KU News Release


August 9, 2012
Contact: Brendan Lynch, KU News Service, 785-864-8855

New course trains nurses to better understand, treat people with disabilities

Jamie Simpson


More Information

LAWRENCE — While nurses generally have adequate training to attend to the immediate health needs of people with physical, mental and psychological disabilities, some may share with the general public misconceptions about people with disabilities. A new course offered at the University of Kansas School of Nursing aims to change that.

“The point is to educate nurses about what people with disabilities want them to know about their own health care,” said Jamie Simpson, KU’s director of accessibility and ADA education. “It’s not just their disability that they want to focus on — they want to be treated as a whole person, someone living in the community, someone with goals and needs. As just one example, they might want a family. Before, that wasn’t always apparent. Doctors and nurses might assume that someone in a wheelchair doesn’t want to have kids. And that assumption affects their health care because they might not recommend a certain screening. Or they might assume wrongly that the person should get a hysterectomy, without even asking them if they want kids.”

Simpson, who has been in her current position since March, previously served as disability coordinator with the Kansas Department of Health and Environment. Before that, she worked at KU’s Research & Training Center on Independent Living. In all three roles, she has strived to develop and implement a course for health care workers who attend to people living with disabilities. The “Caring for People with Disabilities” course is the result of that work.

“My biggest contribution was probably coordinating the collaboration so that both experts in the field of disability and people with disabilities could teach nursing students the knowledge, skills and resources to increase the quality of care for their patients with disabilities,” Simpson said. “I also ensured public health discussions on disability topics such as epidemiology.”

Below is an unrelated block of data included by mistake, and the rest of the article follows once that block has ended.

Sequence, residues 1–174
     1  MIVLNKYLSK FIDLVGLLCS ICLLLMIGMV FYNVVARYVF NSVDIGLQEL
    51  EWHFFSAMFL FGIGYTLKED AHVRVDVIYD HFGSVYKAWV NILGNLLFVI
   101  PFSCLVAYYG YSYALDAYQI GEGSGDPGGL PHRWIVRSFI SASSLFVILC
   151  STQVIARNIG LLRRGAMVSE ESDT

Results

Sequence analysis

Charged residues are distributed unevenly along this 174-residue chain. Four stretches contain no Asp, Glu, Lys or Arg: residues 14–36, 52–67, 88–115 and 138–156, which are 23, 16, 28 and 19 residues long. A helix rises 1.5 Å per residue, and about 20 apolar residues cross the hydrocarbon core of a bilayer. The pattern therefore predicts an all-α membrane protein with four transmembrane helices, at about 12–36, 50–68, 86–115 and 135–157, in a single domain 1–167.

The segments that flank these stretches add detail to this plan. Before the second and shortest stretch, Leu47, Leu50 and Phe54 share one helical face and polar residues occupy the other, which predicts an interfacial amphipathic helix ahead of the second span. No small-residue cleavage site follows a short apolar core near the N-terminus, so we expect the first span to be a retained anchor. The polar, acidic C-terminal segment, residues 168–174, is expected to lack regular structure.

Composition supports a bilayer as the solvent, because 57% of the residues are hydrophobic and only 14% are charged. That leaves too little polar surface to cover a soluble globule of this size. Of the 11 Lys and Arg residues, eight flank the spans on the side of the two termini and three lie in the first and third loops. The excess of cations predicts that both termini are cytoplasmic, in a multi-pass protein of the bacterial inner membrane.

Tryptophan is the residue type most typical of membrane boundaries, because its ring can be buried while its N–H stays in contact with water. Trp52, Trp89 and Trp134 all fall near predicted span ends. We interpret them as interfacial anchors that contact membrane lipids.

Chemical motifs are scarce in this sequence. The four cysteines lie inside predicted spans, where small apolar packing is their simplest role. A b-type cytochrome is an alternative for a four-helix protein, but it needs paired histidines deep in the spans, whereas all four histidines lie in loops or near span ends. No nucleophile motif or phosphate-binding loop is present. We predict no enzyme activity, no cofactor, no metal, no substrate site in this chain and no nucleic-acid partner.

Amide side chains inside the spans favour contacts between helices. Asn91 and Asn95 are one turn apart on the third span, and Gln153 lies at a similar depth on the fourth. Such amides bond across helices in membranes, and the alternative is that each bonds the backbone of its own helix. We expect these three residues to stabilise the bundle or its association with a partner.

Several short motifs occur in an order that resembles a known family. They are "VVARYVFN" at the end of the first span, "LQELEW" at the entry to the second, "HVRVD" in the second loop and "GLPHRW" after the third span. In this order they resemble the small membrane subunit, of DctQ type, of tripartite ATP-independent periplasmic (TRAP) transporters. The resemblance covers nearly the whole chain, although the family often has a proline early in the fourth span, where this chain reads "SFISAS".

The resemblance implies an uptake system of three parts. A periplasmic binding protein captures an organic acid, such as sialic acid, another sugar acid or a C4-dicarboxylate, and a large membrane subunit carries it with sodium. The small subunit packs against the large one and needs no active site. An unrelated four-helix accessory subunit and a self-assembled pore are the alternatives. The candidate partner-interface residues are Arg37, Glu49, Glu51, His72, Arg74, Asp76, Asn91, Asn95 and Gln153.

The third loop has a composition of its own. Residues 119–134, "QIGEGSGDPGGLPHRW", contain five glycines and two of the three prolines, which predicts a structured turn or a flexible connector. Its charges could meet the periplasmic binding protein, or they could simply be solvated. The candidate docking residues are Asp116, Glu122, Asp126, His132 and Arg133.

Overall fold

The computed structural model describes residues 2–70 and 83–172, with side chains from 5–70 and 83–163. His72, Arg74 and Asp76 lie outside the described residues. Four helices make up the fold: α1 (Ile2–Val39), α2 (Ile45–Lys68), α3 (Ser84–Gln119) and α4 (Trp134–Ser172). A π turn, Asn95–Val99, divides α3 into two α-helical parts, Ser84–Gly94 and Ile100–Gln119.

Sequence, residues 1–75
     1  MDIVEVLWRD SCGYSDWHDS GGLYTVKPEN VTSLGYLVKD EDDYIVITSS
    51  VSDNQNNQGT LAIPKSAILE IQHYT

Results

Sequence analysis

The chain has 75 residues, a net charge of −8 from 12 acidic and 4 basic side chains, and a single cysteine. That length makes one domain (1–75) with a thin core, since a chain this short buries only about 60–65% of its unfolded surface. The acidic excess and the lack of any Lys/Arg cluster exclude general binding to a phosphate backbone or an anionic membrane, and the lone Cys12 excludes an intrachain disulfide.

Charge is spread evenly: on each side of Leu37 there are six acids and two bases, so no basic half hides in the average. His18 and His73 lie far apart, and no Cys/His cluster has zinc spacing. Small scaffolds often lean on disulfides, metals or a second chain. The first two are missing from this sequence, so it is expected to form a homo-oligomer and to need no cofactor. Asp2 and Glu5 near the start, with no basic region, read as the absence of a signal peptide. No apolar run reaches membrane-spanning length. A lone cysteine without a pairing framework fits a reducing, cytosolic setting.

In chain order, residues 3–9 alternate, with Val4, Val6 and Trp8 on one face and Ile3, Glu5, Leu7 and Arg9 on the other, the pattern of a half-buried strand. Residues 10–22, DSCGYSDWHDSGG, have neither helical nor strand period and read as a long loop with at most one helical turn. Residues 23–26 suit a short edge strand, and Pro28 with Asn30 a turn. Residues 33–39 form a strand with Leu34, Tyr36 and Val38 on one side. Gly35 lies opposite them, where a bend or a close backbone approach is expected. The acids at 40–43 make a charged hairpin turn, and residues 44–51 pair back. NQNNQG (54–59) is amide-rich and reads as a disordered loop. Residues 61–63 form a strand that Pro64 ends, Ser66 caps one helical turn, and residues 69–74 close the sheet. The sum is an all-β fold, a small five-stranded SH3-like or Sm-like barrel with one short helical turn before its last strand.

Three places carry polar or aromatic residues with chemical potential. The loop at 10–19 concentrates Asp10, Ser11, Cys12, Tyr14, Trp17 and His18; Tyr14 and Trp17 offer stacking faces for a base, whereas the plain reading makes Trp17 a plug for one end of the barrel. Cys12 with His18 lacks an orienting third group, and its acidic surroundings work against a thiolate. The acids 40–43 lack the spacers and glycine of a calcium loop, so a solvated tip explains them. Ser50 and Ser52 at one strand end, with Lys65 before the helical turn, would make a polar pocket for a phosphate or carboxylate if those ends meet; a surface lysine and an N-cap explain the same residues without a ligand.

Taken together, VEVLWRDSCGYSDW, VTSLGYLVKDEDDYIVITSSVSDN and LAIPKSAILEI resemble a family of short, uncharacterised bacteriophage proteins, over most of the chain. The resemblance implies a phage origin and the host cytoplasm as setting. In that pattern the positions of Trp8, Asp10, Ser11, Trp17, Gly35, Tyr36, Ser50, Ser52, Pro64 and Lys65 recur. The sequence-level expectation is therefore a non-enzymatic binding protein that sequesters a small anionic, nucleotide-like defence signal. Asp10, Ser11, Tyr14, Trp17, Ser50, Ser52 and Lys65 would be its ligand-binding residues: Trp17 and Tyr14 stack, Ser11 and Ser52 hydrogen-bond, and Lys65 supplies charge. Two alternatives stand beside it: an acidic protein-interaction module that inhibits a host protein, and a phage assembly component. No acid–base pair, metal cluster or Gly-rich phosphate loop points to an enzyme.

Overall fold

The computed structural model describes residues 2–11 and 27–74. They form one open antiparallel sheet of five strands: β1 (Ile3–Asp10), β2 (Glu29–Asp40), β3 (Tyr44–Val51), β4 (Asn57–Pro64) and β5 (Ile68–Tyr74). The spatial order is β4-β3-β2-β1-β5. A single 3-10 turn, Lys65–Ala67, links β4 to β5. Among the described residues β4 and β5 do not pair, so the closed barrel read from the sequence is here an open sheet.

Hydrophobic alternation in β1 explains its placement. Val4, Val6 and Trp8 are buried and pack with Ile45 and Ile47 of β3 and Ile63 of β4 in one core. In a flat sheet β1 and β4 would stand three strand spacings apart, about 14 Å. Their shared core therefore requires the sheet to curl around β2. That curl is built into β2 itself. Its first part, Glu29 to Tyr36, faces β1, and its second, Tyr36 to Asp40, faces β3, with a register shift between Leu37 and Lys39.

Additionally, Simpson had a hand in teaching and grading students. The other faculty members who created and taught the course were Heather Smith, health-planning consultant at the KDHE, and Moya Peterson, clinical assistant professor at the KU School of Nursing.

“Caring for People with Disabilities” was offered online to nursing students for the first time in spring 2012. Coursework combined reading, video interviews featuring people living with physical, mental and psychological disabilities, journal keeping and field trips to health care facilities to determine accessibility, among other lessons.

“Nurses have been very good about treating the whole person,” said Simpson. “But one of the major takeaways we wanted to emphasize is that there are unique circumstances in treating people with disabilities. While people with disabilities can be healthy, how they achieve and maintain health might look different than patients without disabilities. Also, Kansas data indicates that there are numerous health and social disparities between people with and without disabilities. When someone with a disability comes to their office, health care practitioners may need to consider socioeconomic facets, the lack of transportation and food insecurity issues that could impact a patients’ prescription plan or treatment plan. It’s hard to know about those outside factors without knowing what they are.”

Having interviewed scores of people living with disabilities, Simpson cited their real-life experiences as a chief motivation for creating the course.

“Yes, Kansas with disabilities are saying, ‘My doctors and their staffs are not treating me fairly, and it’s because of my disability,’” said Simpson.

She also cited a 2009 report from the National Council on Disabilities that stated: “The absence of professional training on disability competency issues for health care practitioners is one of the most significant barriers preventing people with disabilities from receiving appropriate and effective health care.”

The development of the course was funded by the Centers for Disease Control and Prevention and an “Integrated Community Systems for Youth with Special Health Care Needs” grant from the Health Resources Services Administration within the U.S. Department of Health and Human Services.

Further, Simpson credited other KU disability experts for providing time, insight and class presentations to the students, including Dot Nary, Cat Howland, Martha Hodgesmith, Amanda Reichard, Jean Hall, Wendy Parent and Teri Lavenbarg, nurse practitioner at the KU Medical Center.



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The University of Kansas prohibits discrimination on the basis of race, color, ethnicity, religion, sex, national origin, age, ancestry, disability, status as a veteran, sexual orientation, marital status, parental status, gender identity, gender expression, and genetic information in the university’s programs and activities. Retaliation is also prohibited by university policy. The following persons have been designated to handle inquiries regarding the nondiscrimination policies and are the Title IX coordinators for their respective campuses: Executive Director of the Office of Institutional Opportunity & Access, IOA@ku.edu, 1246 West Campus Road, Room 153A, Lawrence, KS 66045, 785-864-6414, 711 TTY (for the Lawrence, Edwards, Parsons, Yoder, and Topeka campuses); Director, Equal Opportunity Office, Mail Stop 7004, 4330 Shawnee Mission Parkway, Fairway, KS 66205, 913-588-8011, 711 TTY (for the Wichita, Salina, and Kansas City, Kansas, medical center campuses).